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Huma Zafar |

An emotive nation, we don’t allow others to disagree with our point of view. Every week, keyboard warriors get ready to voice their opinions on issues that they have limited knowledge on and endlessly engage in rebuttals to get their point across. I write this piece from a neutral bystander’s perspective who is rather ashamed of her own emotional outbursts and rants of some five years ago when passion overrode logic.

Since then I’ve learned that communication is not about getting your point across, it is about understanding someone else’s point of view, it is about realizing that you can entertain their thoughts in your mind without necessarily reacting to it. Listening is the key to effective communication.

An awareness of a deeper issue in society has arisen – can we forgive a mistake? I know we are capable of moving on from issues and capable of forgetting – but are we capable of forgiving?

What prompted me to pen my thoughts in this piece, was the negativity and intolerance I see on social media every day. As I begin to type, I can see the comments coming my way – you chose to write about this issue, and not on other bigger issues the country is facing? Well, there are many holes in a sinking ship that I can discuss and that I am very concerned about, but intolerance is something that bothers me very deeply.

Read more: Do I just represent the ‘honor’ of the men in my family?

In the last few years, cases of intolerance are on the rise. You see mobs of heated people, aggressively and passionately playing their role in what they believe is justice. But are the cases on the rise, or are we more aware of them now due to technology? Has intolerance always been part of our society, or is intolerance part of human nature?

History has shown many examples of intolerance and it being widespread – from Europe to the Middle East, North to South America, China, and Asia Pacific, I can’t think of a region where intolerance has not left its mark in history. This made me think: is intolerance in our very nature? Can we not accept someone different from us?

Last weekend, someone called Yasir Hussain, made an inappropriate joke at an award show and suddenly everything he has ever done is wrong. The joke was indeed inappropriate but perhaps if it was said in a close gathering of friends, would it be laughed off casually? In a society where cuss words implicate a man’s sexual preference for his mother or his sister, why are we so shocked?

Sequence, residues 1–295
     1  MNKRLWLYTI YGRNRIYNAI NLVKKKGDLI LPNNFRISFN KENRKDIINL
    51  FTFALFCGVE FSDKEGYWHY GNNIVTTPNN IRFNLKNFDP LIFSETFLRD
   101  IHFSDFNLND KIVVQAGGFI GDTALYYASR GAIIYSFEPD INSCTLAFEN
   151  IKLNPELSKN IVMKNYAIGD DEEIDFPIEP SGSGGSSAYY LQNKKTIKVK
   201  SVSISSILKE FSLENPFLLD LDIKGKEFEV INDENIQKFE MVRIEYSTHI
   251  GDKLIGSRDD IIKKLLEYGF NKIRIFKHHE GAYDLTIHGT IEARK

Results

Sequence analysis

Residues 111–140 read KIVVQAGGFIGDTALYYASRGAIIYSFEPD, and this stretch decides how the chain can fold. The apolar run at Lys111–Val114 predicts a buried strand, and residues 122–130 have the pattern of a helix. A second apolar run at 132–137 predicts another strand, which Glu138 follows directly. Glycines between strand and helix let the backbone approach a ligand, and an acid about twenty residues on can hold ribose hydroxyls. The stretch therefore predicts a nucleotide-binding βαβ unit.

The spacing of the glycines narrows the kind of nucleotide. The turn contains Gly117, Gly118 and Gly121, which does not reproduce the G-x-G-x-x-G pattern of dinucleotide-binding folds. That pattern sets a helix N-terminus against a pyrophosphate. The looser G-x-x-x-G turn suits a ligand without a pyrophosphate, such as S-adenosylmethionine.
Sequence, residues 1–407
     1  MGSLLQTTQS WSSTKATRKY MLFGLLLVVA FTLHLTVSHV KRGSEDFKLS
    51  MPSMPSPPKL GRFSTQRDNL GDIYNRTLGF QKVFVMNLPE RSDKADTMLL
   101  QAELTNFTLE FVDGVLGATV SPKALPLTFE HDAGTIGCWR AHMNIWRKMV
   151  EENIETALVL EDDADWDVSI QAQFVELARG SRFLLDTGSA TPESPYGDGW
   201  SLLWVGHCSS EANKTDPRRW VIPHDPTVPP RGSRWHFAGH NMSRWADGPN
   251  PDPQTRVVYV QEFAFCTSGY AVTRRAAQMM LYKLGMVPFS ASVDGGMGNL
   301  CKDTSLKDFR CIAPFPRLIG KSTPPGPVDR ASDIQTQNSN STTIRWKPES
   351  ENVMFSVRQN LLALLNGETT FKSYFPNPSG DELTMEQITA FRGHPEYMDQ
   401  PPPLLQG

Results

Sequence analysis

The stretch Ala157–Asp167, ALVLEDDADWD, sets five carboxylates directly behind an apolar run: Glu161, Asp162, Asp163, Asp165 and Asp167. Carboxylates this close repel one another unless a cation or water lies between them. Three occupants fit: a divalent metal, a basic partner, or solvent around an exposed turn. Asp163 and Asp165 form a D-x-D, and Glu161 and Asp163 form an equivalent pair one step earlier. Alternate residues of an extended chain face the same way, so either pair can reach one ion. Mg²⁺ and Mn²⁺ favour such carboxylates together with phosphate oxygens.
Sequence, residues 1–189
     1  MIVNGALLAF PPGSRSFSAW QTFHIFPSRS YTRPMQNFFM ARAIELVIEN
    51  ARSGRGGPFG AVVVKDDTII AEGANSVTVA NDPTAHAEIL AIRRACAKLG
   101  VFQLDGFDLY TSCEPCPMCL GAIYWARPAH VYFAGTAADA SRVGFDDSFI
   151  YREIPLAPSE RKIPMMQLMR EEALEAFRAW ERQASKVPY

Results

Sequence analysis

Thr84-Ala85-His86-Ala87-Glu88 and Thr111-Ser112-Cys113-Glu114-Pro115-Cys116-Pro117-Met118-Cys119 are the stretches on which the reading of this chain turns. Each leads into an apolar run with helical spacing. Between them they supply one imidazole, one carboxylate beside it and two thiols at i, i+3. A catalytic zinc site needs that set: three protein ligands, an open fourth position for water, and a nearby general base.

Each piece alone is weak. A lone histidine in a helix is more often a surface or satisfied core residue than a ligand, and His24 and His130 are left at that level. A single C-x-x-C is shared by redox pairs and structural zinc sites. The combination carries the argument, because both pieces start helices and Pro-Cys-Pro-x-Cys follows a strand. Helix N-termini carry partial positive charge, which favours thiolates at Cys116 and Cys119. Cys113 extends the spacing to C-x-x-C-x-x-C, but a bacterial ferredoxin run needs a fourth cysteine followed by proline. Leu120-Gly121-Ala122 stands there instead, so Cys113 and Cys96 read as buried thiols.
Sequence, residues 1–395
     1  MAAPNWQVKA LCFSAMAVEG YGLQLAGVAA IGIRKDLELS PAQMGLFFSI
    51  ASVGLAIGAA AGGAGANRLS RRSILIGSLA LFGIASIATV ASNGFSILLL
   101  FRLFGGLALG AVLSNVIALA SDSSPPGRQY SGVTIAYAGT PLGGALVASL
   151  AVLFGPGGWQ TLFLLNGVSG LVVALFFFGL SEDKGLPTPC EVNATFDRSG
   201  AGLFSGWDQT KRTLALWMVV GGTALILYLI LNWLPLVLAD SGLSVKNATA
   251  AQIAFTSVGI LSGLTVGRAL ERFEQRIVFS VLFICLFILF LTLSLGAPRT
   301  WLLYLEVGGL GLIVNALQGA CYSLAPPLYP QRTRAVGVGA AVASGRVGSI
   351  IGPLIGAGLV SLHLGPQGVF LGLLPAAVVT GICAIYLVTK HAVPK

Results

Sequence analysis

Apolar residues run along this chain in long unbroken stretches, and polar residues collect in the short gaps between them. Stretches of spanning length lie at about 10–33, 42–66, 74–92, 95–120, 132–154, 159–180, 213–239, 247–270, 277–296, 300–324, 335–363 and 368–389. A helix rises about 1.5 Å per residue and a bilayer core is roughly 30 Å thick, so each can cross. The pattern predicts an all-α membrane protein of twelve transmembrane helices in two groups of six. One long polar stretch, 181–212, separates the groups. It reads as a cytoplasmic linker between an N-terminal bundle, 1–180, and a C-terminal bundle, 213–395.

Read more: Blood and Mayhem: The true face of a blind impotent society

To be a more tolerant society, we need to be more tolerant ourselves and accept that others are different from us but it is the differences that we need to learn from to continue improving ourselves.

Let us have a look at what our media offers: tasteless shows with derogatory humor,  roundtables with heated panelists, political leaders demeaning each other in public,  statements being changed constantly, sensationalizing the news, and the audience is used to listening to this kind of immaturity. Does that make it okay?

What disturbed me the most about the comment was perhaps not the comment as much as the reaction to his apology. I understand the outrage and the public statements on his comments. I understand people were genuinely upset. So the man apologized. Whether he did it under pressure, whether his apology was not genuine enough, whether it was done after “so long”, the comments, from the intellectual elites came pouring in.

He was wrong. He didn’t apologize properly. How dare he say this? One comment I read even questioned if his apology was genuine because it didn’t sound genuine. (woah) … Hold it right there…. What do we see… Intolerance. See how intolerance has spread to every socio-economic class in society? The man apologized. Let’s accept his apology without lynching him online, we are in no position to offer judgment at the People’s Court of the Intolerant Republic of Pakistan. The man apologized. He made a mistake.

Read more: Mashal Khan’s Murder becoming increasingly politicized like those before him

An awareness of a deeper issue in society has arisen – can we forgive a mistake? I know we are capable of moving on from issues and capable of forgetting – but are we capable of forgiving?

Each one of us has our own sets of faults and inner demons we fight, each one of us is a perfectly flawed human being and once we realize that, we will judge a little less.

To be a more tolerant society, we need to be more tolerant ourselves and accept that others are different from us but it is the differences that we need to learn from to continue improving ourselves. Each one of us has our own sets of faults and inner demons we fight, each one of us is a perfectly flawed human being and once we realize that, we will judge a little less. If we allow compassion and kindness to live in our hearts, there will be no room for negativity. Negativity breeds intolerance. Live and let live.

Huma Zafar is a fitness enthusiast with a passion for fashion. She runs a few successful charities in Pakistan alongside a demanding career. Her interests include reading, writing, hiking, exploring, traveling, and meeting new exciting people. The views expressed in this article are the author’s own and do not necessarily reflect Global Village Space’s editorial policy.

Huma Zafar is a fitness enthusiast with a passion for fashion. She runs a few successful charities in Pakistan alongside a demanding career. Her interests include reading, writing, hiking, exploring, traveling, and meeting new exciting people.

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